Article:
Today Mind publishes a new report, Personal health budgets – getting them right in mental health (pdf).
Mind conducted research with people with mental health problems to find out what they want from the services and support they use to manage their mental health, and what role personal health budgets might play in improving their experience of care and their health and wellbeing outcomes.
People with mental health problems told us that being able to access a choice of treatments and support and being able to be involved in joint-care planning are key to improving their experience of mental health care. These ideas are central to personal health budgets.
Paul Farmer, Chief Executive of Mind said:
"Mind supports the principles behind personal health budgets of greater choice and control, a shared decision-making approach to care planning, and a focus on patient-defined outcomes and flexibility in how to achieve them.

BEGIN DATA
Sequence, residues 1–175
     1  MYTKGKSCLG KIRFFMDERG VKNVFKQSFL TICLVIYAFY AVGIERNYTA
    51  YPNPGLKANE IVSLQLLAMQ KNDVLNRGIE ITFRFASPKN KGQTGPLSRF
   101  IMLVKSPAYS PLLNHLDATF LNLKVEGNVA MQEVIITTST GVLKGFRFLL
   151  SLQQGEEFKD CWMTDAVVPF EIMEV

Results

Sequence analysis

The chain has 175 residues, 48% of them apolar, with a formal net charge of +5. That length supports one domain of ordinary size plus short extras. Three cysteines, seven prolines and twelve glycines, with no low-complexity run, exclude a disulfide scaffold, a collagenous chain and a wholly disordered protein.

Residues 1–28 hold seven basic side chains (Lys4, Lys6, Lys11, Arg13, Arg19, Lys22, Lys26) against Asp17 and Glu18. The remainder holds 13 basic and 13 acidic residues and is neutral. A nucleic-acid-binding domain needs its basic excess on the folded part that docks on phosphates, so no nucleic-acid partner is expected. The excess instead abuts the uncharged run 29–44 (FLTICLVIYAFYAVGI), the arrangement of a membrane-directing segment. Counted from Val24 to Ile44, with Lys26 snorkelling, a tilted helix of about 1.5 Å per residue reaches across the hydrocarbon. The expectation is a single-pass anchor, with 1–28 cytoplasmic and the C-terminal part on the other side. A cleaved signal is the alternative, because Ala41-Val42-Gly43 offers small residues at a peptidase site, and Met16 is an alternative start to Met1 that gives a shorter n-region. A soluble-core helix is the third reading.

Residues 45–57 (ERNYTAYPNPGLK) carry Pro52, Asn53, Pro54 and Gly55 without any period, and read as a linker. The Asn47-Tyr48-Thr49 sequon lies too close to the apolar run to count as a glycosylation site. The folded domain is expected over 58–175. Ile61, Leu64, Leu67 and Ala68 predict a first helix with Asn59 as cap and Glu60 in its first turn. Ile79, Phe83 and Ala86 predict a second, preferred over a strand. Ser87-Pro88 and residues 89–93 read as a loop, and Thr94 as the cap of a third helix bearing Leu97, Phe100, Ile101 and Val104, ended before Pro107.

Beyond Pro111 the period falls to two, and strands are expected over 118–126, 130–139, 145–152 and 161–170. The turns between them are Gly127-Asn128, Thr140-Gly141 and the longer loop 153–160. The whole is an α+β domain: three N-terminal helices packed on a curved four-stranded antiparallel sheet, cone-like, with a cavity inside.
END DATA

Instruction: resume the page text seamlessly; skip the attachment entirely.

However, Mind has identified a number of barriers that threaten the effectiveness of the policy for people with mental health problems and has produced a series of recommendations for Government and NHS bodies to overcome them.
We also know that some people with mental health problems will not want a personal health budget, so it is crucial that enough existing services are provided to meet their needs."
A personal health budget is an amount of money to support your individual healthcare and wellbeing needs. People eligible for a budget, together with the local NHS team, develop a care plan to help decide their health and wellbeing goals and to identify how the budget will be spent to enable them to reach those goals and keep them healthy and safe.
Personal health budgets could be use to pay for a range of different approaches, including non-medical treatment, as long as they are agreed by the local NHS team and are designed to meet health and wellbeing goals.
For more information on Mind's work on personal health budgets, please contact Vicki Ensor.